By contrast, Karen Boone, the Last Frontier employee with whom Donita Peter dealt, asserts that various policy limits were discussed and that she gave Donita a "policy pack" which contained a copy of the policy and a description of the levels of available UM/UIM coverage. The record is undisputed that Donita signed a form which states as follows:
I understand that I am entitled to purchase Uninsured/Underinsured Motorists Coverage. I may choose to reject UM/UIM BI/PD or UM/UIM PD. I specifically and unequivocally select the following option of Uninsured/Underinsured Motorists Protection:
I selected UM/UIM/BI limits of: 50/100
I selected UM/UIM/PD limits of: 25
Although the form refers to "the following option," implying that there are other options, no other options are listed on the form. Donita Peter claims that if she had known that she could have purchased higher limit coverage she would have done so.
Peter sued Progressive and Last Frontier. Peter alleged that Progressive had a duty to offer higher limit UM/UIM coverage and that Last Frontier had a duty to recommend that they purchase higher limit coverage and that both defendants breached their respective duties.
Both defendants answered, and after much discovery Last Frontier moved for summary judgment. Last Frontier contended (1) that it had no duty to recommend higher coverage to the Peters, (2) alternatively, that it did not breach this duty, and (3) alternatively, that any breach it may have committed caused the Peters no loss.
Peter opposed the motion and filed a cross-motion for summary judgment. He argued that Last Frontier violated AS 21.89.020(c) by failing to offer the Peters optional higher limit coverage and violated AS 21.89.020(e) by failing to obtain a waiver in writing of optional higher limit coverage: "Last Frontier did not give Donita written notice of the availability of her option to purchase additional liability and underinsured motorist coverage limits as required by AS 21.29.020(c), nor did Donita sign a waiver of the additional coverages as required by subsection (e)." Peter also contended that Last Frontier had a nonstatutory duty to recommend that the Peters purchase higher limits.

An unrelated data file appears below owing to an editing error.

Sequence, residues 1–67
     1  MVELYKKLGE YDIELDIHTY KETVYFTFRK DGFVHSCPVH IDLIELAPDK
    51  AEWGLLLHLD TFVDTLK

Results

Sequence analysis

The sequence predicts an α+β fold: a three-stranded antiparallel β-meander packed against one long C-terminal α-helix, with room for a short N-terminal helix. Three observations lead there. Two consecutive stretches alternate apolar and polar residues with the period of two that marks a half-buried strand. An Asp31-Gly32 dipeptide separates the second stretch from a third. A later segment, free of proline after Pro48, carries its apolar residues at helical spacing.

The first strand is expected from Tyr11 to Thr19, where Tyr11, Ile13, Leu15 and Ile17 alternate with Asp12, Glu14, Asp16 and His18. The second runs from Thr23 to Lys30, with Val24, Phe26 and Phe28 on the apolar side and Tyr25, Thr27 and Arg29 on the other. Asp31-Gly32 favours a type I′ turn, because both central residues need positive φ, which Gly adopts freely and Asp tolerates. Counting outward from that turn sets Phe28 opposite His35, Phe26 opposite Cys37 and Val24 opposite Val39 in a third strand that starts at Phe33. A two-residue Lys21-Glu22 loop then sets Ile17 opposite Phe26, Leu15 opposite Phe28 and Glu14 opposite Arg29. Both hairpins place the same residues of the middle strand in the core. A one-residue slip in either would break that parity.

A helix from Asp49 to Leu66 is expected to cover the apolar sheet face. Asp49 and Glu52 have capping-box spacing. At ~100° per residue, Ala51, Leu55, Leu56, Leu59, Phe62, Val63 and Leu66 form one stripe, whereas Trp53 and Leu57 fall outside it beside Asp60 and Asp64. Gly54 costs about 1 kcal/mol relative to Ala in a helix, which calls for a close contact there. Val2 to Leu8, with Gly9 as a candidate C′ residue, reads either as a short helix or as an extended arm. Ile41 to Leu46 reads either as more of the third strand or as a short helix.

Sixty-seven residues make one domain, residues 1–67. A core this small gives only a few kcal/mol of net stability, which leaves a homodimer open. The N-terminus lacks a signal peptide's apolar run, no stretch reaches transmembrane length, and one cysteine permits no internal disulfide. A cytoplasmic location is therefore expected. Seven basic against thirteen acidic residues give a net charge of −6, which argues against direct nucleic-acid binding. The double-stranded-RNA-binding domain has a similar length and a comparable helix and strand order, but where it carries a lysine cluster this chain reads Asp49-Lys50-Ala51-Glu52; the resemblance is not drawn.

The superior court granted Last Frontier's motion, ruling that (1) Last Frontier had no nonstatutory duty to recommend higher limits, (2) no private cause of action may be maintained for violations of AS 21.89.020(c) and (e), and (3) "insurance agents are not independently liable for violations of Title 21. . . ." The court entered a certificate pursuant to Civil Rule 54(b), and the summary judgment in favor of Last Frontier became final and appealable. Peter appealed.
Meanwhile, Peter and Progressive filed cross-motions for summary judgment in the superior court concerning Progressive's liability for violating AS 21.89.020(c) and (e). The court denied Peter's motion and granted Progressive's, ruling again that (1) no private cause of action is available for violating these sections, and (2) these sections require "only a written waiver of UM/UIM bodily injury and property damage coverages," not "that the various optional limits be rejected in writing." We granted Peter's petition for review from this order and consolidated the two proceedings in this court.
Alaska Statute 21.89.020(c) requires insurance companies to offer in automobile liability policies UM/UIM coverage with minimum limits of $50,000 per person and $100,000 per accident. In addition, subsection (c)(2) requires that optional higher limits be offered up to $1,000,000/$2,000,000. Subsection (d) requires insurance companies to offer minimum limits of $25,000 for UM/UIM property damage coverage. Subsection (e) provides that "[t]he coverage required under (c) and (d) . . . may be waived in writing by the insured in whole or in part." These subsections are set forth in the margin.